Explores transcultural experiences and encounters represented in contemporary fiction, literary non-fiction, film and fine art. Retraces trajectories taken by twenty and twenty-first century immigrants. Confronts what it takes and feels like and means to make complex geo-cultural crossings. Considers the ways writers, directors, and artists interrogate various kinds of borders and boundaries and redefine national, racial, ethnic, religious, gender and other geo-cultural constructs, while pushing also beyond conventional confines of genre. Investigates how they represent the different degrees and kinds of agency, autonomy, and authority experiences in the migration, immigration, emigration, and trafficking. Crosslisted with ENG243. 3 Cr.

WMS 245 Imagining Women's Lives in American Literature (A,H,W)

Explores ways in which writing by and about women has exposed structural gender inequality in the United States while also fostering resistance and social change through the revelation of the imagination. Examines how women writers from a variety of identity positions—those of race, class, and sexual orientation—have imagined women’s lives and new possibilities in the US since the early twentieth century. Crosslisted with ENG245. 3 Cr.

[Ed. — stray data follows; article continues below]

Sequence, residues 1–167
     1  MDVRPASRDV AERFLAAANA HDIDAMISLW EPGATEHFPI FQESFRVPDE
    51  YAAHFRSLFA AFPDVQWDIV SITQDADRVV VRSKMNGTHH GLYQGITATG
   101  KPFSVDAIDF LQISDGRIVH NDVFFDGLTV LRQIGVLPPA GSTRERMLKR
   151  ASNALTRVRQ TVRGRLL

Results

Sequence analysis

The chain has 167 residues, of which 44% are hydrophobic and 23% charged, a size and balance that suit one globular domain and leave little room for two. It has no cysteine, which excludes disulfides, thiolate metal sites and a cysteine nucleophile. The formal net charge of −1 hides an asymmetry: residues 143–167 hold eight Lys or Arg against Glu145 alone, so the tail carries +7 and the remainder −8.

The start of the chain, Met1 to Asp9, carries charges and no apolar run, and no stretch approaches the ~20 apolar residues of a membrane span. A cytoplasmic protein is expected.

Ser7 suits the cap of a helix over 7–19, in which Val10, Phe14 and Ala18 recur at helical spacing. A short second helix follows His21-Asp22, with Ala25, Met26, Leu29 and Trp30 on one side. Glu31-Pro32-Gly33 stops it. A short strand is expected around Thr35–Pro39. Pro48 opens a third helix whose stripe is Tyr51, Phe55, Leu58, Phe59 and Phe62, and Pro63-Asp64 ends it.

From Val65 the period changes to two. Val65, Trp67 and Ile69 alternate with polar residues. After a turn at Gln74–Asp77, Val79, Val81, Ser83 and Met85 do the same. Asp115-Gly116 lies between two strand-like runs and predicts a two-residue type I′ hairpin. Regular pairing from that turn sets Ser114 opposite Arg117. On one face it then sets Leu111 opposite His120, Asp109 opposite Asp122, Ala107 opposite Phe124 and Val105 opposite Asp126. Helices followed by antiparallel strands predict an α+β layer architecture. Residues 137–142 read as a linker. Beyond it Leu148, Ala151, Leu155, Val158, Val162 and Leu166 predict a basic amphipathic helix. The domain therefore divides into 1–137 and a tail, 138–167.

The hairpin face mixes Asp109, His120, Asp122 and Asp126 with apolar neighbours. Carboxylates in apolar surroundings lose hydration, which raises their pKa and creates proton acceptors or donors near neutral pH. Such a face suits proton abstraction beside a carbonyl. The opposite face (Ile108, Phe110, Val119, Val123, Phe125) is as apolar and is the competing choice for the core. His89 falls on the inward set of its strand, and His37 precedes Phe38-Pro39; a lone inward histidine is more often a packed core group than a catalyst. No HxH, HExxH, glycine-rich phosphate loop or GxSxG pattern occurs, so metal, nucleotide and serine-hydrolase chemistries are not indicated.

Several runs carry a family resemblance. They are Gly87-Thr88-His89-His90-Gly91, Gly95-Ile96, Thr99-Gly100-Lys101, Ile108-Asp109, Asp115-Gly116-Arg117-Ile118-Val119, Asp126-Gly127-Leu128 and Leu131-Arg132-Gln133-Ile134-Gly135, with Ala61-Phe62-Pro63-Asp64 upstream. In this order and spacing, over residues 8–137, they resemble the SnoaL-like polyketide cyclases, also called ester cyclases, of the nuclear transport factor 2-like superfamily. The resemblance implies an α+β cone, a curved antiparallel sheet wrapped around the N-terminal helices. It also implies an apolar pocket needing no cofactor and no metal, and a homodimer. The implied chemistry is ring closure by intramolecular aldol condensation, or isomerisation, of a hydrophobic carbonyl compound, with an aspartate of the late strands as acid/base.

WMS 271 Gender, Race and Class (A,D,W)

Cross-listed as AAS 271 and SOC 271.

Examines the intersecting socio-political forces of gender, race and class, and how these forces interact. Looks at how these forces affect individuals, and individual and social responses to these forces. Investigates the history of efforts to end discrimination, and the ways these efforts translate into issues of current concern in the U.S. Major requirement. 3 Cr. Every Semester.

WMS 302 Introduction to Interdisciplinary Disability Studies (A,D,W)

Synthesizes an introduction to disability studies with critical visual and linguistic analyses. Takes an interdisciplinary and intersectional approach to social constructions of ability/disability. Explores questions such as: What forms of social oppression are perpetuated by such ableism? How do race, gender, sexuality and dis/ability intersect and how can an understanding of critical disability studies enhance feminist, antiracist, and queer theory and practice? Students will learn the basic tenets of disability studies and apply theme to an analysis of cultural texts. 3 Cr.

WMS 303 Native American Women (A,D,W)

Cross-listed as ANT 303.

Representation of Native American women generally conform to two stereotypes: the submissive drudge or the Indian princess. Both ignore the complexity and diversity of Native women's roles in their respective societies. Taught primarily from a Native women's perspective, this course moves beyond the two-dimensional portrait to engage life experiences and social institutions, emphasizing strength and endurance, the complementary nature of traditional gender roles and contemporary strategies for cultural survival. 3 Cr.